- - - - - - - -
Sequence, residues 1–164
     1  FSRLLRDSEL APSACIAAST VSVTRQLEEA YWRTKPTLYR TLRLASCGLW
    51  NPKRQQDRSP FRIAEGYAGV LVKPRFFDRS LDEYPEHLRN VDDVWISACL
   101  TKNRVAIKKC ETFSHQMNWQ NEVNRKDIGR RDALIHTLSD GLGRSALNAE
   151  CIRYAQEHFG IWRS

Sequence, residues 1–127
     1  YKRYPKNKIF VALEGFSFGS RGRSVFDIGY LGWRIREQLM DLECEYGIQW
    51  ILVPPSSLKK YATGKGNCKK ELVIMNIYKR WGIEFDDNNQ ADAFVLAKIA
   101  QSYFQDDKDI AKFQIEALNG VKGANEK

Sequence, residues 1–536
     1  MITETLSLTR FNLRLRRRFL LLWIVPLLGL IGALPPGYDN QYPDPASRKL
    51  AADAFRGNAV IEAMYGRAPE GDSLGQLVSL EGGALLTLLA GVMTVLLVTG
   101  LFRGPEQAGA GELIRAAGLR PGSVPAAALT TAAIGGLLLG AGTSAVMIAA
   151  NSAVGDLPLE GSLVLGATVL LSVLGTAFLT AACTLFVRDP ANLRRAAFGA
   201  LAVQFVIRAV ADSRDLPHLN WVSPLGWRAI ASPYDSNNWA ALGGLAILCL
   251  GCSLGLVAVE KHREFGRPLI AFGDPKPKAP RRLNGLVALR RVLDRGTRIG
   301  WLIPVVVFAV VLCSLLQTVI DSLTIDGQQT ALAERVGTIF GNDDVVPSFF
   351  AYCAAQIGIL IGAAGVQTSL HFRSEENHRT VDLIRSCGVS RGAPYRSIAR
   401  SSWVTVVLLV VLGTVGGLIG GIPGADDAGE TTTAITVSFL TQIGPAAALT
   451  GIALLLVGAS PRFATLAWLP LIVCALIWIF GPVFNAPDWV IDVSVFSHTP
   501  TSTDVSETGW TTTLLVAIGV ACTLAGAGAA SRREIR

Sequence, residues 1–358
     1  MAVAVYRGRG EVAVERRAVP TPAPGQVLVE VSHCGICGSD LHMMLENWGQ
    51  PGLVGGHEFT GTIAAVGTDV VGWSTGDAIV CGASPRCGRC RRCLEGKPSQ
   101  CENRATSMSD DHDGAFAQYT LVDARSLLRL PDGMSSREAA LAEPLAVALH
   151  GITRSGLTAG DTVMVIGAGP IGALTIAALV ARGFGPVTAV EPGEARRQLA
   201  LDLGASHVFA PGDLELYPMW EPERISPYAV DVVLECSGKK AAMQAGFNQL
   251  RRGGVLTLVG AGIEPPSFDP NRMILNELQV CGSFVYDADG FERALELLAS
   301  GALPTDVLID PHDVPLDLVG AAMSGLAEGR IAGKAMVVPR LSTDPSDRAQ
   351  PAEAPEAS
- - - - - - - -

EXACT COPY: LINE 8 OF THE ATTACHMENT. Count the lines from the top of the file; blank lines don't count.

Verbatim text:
    51  ILVPPSSLKK YATGKGNCKK ELVIMNIYKR WGIEFDDNNQ ADAFVLAKIA